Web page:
- Jackson, H. and Svensson, K. 2002. Ecovillage Living: Restoring the Earth and Her People. Green Books. ISBN 1-903998-16-6
- Intentional Communities wiki
- Ecovillages on Ekopedia
- Ecovillage Wiki - intended to facilitate ecovillages to develop regional and global networks. (Still active at mid-2011, but a low level of activity.)
- Global Ecovillage Network
- Ecovillage Network of the Americas
- Intentional Communities website
- Ecovillage Directory - List of Ecovillages in the Intentional Communities Directory
- Eurotopia Book, Directory of Intentional Communities and Ecovillages in Europe
- DVDs about Ecovillages worldwide
- Living Together: Sustainable Community Development
- The Ecovillage Model
- Permaculture Magazine - incorporating Global Ecovillage Network News.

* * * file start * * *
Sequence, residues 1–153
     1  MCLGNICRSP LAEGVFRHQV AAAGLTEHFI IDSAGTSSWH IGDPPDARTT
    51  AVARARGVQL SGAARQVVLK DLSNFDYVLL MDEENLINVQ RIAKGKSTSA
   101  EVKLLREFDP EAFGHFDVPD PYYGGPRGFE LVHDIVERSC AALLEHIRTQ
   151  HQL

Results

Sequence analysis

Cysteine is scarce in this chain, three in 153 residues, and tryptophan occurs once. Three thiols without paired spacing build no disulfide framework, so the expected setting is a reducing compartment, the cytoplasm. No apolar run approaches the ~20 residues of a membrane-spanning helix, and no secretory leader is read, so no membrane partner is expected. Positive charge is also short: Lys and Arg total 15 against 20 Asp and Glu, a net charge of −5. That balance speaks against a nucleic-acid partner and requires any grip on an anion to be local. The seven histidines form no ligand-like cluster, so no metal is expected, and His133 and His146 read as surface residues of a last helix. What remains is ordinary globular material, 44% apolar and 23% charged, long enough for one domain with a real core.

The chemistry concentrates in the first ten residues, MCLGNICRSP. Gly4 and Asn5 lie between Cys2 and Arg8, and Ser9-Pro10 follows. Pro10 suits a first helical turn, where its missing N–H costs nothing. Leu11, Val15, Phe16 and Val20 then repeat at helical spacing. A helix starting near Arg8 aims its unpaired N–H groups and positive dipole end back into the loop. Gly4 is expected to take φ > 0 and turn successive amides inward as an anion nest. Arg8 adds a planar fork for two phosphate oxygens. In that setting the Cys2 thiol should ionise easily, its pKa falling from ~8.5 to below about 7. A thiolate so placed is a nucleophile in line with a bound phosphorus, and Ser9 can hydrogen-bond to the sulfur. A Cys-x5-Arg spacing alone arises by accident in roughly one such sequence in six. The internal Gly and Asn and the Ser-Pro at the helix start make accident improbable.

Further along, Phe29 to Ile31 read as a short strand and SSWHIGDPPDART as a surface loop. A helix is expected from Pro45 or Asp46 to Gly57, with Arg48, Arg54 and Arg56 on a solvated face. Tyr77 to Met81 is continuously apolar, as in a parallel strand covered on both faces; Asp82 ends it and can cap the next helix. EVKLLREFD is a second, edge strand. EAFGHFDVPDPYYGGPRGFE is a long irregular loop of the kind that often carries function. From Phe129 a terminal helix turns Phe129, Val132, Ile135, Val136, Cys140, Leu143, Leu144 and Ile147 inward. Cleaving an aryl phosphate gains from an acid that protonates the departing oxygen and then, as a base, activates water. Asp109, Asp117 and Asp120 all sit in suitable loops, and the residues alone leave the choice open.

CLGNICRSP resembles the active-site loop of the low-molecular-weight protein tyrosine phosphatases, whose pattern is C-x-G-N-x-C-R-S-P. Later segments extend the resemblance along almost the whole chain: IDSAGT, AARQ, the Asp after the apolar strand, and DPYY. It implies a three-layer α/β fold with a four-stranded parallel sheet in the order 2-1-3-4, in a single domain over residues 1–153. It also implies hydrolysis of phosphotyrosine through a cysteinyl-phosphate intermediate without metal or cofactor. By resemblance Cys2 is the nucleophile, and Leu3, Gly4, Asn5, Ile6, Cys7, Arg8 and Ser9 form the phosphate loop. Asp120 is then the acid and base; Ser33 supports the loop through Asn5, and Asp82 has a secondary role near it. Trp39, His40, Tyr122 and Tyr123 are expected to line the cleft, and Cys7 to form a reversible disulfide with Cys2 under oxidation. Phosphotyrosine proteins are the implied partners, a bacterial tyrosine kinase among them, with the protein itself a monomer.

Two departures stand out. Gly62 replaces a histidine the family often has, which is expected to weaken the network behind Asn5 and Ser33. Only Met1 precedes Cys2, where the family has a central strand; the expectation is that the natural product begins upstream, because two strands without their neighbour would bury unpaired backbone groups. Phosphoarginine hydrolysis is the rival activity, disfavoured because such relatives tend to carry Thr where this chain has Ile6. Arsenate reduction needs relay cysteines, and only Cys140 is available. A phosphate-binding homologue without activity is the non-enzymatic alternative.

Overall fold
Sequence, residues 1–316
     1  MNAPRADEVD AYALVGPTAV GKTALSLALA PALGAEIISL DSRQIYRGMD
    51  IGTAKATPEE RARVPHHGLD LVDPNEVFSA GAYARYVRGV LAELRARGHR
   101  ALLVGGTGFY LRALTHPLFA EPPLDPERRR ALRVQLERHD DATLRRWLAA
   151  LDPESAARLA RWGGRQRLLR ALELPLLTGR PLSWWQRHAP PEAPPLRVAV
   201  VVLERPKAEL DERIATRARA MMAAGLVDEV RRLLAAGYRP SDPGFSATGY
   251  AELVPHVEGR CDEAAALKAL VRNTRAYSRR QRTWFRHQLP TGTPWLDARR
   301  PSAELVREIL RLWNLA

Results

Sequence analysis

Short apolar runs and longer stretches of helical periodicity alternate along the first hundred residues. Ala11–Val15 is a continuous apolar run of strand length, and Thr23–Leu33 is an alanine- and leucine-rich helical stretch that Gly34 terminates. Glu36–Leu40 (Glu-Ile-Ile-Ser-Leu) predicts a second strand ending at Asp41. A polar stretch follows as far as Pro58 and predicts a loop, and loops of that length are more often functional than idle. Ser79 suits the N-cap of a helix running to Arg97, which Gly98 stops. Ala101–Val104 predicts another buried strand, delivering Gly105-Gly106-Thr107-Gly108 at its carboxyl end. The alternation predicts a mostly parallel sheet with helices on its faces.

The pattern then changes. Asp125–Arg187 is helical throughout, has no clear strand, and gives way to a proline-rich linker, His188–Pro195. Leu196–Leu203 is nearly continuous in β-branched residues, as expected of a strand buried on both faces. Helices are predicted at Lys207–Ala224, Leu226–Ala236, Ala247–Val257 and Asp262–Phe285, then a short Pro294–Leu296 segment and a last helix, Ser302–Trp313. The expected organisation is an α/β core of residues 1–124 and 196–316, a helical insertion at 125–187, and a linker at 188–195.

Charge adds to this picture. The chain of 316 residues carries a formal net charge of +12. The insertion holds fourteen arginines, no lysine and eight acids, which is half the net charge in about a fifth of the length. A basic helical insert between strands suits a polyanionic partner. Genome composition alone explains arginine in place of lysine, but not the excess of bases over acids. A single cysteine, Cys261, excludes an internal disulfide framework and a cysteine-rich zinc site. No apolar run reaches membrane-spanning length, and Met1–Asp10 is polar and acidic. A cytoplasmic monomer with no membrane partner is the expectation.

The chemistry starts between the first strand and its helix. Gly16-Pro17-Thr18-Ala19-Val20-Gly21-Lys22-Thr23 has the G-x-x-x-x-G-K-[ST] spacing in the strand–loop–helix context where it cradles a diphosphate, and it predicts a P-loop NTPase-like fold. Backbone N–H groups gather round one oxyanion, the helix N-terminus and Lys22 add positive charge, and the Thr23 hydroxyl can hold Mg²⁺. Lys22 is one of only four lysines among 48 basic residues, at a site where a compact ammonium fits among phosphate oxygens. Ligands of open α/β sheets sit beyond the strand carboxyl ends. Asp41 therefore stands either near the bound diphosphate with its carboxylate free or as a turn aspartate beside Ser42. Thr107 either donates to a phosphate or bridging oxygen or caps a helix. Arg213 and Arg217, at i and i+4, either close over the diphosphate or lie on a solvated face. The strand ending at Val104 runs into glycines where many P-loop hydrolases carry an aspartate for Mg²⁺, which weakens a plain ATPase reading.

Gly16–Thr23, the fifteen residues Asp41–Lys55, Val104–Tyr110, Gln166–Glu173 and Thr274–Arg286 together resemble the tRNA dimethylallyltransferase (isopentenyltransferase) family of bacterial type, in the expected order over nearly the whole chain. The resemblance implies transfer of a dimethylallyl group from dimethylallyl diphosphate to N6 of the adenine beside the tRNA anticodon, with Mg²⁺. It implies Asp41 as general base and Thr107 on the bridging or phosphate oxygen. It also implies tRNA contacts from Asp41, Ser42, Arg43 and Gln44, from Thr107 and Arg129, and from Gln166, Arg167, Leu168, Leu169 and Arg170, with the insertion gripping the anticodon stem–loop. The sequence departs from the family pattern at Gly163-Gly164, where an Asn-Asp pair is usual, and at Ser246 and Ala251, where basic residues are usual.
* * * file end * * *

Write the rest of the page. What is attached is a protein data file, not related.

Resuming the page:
- Voices of Cohousing: Rebuilding villages in the city - Documentary on mainstream urban ecovillages (cohousing)
- Intentional Community and Ecovillage Database
- Eco Villages Article Article by João Silva in Accessible Travel Magazine, March 2007
- Ecovillage Network of the Americas
- EcoVillage Network
- Network in Suomi
- National Association of Swedish Eco-municipalities
- Sarah James Associates Consulting firm working in the field.
- Wisconsin Chapter of the American Planning Association Eco Municipalities links
- 1,000 Friends of Wisconsin page on Eco-Municipalities
- The American Association of Planners policy guide on sustainability.
 See also
- List of ecovillages
- Intentional Community
- Communities Directory
- Survivalist communities; proponents of ecocity (due to their aligning to the self-sufficient nature of sustainable neighbourhoods)
- Green politics
- Sustainable habitat
- Green syndicalism
- Bioenergy Village
- Principles of Intelligent Urbanism
- Eco municipalities
- EcoVillage Myth
- Types of communities
- Sustainable cities